Source: REGISTER OF OLD SETTLERS , BOOK One, page 66 & 110
submitted by Neal Carter, Sept. 28, 2007


Page 66 -- Old Settlers reunion at the residence of Max Block Friday evening April 14, 1876. Basket supper and social time. (hand written)


The Old Settlers--- At a meeting of the Old Settlers of Muscatine county, called together on the occasion of the death of Marx Block, on the 5th of August, 1881.

The President, Jos. Bridgman, called the meeting to order, expressing some regret that a larger number was not present.

Mr. Foster spoke of Mr. Block’s early settlement among us, his struggles and success and outspoken ways.

D. C. Cloud spoke warmly of many friendly and estimable traits in his character.

D. C. Richman cordially endorsed what had already been said, and expressed sympathy with the family in their bereavement.

Mr. Funck spoke of their acquaintance in a very kindly and friendly way as neighbors and friends.

Judge D. C. Richman, Henry Funck and J. G. H. Little were made a committee on resolutions.

The president presented the following order of the funeral under the charge of Col. Beach:

    City Council
    Old Settlers
    Pall bearers

    J. BRIDGMAN, Pres.
    P. JACKSON, Sec.
In Memoriam

The undersigned, who were appointed a committee at a meeting of the old settlers, held August 6, 1881, to prepare a minute of the death of Marx Block and publish the same in the daily papers of the city, respectfully present the following:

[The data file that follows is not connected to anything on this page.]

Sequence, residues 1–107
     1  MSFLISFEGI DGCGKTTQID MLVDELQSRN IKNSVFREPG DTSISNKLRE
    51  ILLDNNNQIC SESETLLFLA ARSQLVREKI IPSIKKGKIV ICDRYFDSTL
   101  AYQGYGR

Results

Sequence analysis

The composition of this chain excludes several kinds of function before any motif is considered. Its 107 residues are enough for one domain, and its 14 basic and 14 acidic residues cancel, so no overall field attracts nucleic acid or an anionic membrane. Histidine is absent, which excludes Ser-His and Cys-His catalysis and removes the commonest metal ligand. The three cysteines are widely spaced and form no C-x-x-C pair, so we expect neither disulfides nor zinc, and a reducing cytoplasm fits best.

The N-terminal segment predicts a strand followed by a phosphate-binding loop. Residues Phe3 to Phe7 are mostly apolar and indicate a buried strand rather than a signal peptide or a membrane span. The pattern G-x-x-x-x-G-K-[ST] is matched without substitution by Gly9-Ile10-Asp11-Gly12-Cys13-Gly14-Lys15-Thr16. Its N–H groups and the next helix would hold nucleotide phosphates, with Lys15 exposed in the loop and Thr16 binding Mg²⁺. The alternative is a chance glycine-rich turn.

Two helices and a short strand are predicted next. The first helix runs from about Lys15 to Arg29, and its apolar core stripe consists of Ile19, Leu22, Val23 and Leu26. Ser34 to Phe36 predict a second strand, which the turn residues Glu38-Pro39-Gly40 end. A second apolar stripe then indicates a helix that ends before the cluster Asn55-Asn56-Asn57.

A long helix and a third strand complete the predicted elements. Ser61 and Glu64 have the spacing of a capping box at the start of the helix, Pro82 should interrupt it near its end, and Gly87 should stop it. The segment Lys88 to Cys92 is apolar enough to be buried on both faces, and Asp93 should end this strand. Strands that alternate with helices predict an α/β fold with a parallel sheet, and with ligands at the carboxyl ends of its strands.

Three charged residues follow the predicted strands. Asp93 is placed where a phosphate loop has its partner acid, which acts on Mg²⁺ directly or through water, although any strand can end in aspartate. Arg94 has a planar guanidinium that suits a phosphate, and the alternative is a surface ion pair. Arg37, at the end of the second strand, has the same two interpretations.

In the death of our brother the community loses a valued citizen, an honest man and a faithful friend. Frank and outspoken in his own views he never failed to respect the views of others. Moved by the spirit of kindness and good will, to seek his aid and assistance was to secure it, often to his own loss and detriment. Yet he never lost his faith in others and ended his life as he began it in our community moved and actuated by the spirit of benevolence and sympathy, which reaches out far and wide yet most unobtrusively. To say that he had faults is to say that like all men he was human; but his daily walk of near forty years among us has left its impression for good on the hearts of others. We shall miss his cordial greeting on the public streets, his daily presence at his place of business, at the bank, the post office, and at the street corners, at the future meetings of the Old Settlers and elsewhere, for his voice is hushed, the genial look and smile have fled and he lies rigid in in the repose of death. To the afflicted ones at home, to all who mourn his death, we tender hearty sympathy in the dark hour of bereavement and woe, and commend them to the only Being infinite in sympathy and compassion, who was touched with the feeling of our infirmities and is able to sustain us in the otherwise hopeless season of gloom and sorrow.

    HENRY FUNCK } Committee
    J. G. H. LITTLE

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